Where does the cancellation of Browse and Masela leave Prelude?

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Screen Shot 2016-03-23 at 12.53.14From a Regular Contributor

Cancellation of both the Browse and Masela FLNG developments on the same day suggests that the issues about which Bill Campbell has warned may finally have won the day. 

If so, this is a huge climbdown for Shell, with several billion dollars in probable write-offs. 

It’s perhaps not surprising, given the plethora of warnings from technical sources that there were serious risks involved. 

Could Prelude be next to be axed? Parking a multi-billion dollar vessel in cyclone alley for 20 years never seemed like the most appropriate use of the pension funds invested in Shell… read more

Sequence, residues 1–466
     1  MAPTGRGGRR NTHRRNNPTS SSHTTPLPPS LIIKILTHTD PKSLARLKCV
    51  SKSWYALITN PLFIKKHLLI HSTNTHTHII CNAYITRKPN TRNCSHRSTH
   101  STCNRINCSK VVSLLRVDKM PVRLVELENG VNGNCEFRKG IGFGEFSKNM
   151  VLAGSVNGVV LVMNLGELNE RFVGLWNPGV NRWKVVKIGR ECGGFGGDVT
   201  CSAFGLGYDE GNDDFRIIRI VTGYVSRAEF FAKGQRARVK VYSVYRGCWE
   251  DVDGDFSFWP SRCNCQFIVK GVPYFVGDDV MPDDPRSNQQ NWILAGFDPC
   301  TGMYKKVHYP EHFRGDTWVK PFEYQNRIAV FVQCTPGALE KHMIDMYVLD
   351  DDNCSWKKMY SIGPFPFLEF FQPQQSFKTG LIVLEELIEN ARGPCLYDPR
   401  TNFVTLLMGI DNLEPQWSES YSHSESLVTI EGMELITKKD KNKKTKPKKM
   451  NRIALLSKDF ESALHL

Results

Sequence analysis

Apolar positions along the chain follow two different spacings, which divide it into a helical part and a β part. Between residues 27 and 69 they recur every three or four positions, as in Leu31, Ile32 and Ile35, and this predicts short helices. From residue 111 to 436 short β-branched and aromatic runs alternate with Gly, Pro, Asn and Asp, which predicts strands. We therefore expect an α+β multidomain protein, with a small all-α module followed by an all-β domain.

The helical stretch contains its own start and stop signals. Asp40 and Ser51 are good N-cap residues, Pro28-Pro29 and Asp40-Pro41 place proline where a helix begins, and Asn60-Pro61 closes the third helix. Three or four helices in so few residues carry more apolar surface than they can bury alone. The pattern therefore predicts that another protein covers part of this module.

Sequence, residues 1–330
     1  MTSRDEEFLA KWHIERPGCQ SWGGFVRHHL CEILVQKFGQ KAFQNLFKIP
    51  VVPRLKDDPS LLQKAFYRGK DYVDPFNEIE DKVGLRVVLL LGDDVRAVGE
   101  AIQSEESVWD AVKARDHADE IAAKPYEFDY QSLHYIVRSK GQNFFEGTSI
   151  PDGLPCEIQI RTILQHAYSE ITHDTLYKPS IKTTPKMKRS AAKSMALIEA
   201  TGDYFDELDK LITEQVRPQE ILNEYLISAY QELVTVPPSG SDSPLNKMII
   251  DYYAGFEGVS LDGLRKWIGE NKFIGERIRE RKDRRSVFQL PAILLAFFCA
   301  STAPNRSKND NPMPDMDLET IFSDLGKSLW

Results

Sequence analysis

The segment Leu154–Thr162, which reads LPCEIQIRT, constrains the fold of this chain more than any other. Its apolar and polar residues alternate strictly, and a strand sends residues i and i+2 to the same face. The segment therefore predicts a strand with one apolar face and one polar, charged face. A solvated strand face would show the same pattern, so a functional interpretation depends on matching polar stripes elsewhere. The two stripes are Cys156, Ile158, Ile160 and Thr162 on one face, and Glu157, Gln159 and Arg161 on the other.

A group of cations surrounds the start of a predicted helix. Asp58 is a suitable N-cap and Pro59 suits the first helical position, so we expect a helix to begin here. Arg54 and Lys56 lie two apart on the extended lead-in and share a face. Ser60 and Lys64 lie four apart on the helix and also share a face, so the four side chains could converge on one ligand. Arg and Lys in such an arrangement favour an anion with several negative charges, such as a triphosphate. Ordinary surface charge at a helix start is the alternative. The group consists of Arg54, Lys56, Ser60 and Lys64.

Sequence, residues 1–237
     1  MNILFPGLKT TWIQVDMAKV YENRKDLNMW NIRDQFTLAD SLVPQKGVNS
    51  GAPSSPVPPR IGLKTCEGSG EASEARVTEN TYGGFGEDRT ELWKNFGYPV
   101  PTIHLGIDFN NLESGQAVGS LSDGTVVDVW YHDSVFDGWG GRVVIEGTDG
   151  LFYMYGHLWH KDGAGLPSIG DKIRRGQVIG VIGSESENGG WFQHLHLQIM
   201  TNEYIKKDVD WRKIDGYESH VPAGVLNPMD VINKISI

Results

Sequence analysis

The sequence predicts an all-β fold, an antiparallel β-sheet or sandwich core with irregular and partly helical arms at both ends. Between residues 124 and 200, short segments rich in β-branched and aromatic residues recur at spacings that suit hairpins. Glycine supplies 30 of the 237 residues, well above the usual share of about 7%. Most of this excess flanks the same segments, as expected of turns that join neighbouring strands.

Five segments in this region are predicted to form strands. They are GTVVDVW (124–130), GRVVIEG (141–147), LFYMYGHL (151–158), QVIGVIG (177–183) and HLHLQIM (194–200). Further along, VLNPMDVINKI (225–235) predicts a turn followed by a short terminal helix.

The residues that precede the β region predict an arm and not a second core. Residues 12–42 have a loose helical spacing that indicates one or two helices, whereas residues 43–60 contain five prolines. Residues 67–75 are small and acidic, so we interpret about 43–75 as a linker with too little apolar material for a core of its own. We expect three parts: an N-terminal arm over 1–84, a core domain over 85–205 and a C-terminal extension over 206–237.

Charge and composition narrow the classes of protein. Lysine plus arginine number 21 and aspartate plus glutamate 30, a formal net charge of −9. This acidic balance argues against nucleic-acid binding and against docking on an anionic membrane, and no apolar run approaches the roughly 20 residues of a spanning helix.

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Screen Shot 2015-11-04 at 07.57.03Angela Macdonald-Smith: November 4, 2015

Royal Dutch Shell remains unequivocally bullish on prospects for liquefied natural gas despite the current market glut, pointing to several options for new supply projects after its planned $US70 billion ($97 billion) takeover of BG Group and plenty of new markets opening up around the world.

“The fundamentals of this market look as robust now as in the past to us,” chief financial officer Simon Henry told investors overnight Australian time, spelling out Shell’s expectation that global LNG demand will expand at 5 per cent a year to 2030, only modestly lower than the 8 per cent annual growth seen since 2000. read more

Shell keeps Prelude under wraps

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Screen Shot 2015-10-13 at 23.09.25The Anglo-Dutch giant has never disclosed Prelude’s capital cost or start-up date

Peter Klinger: October 13, 2015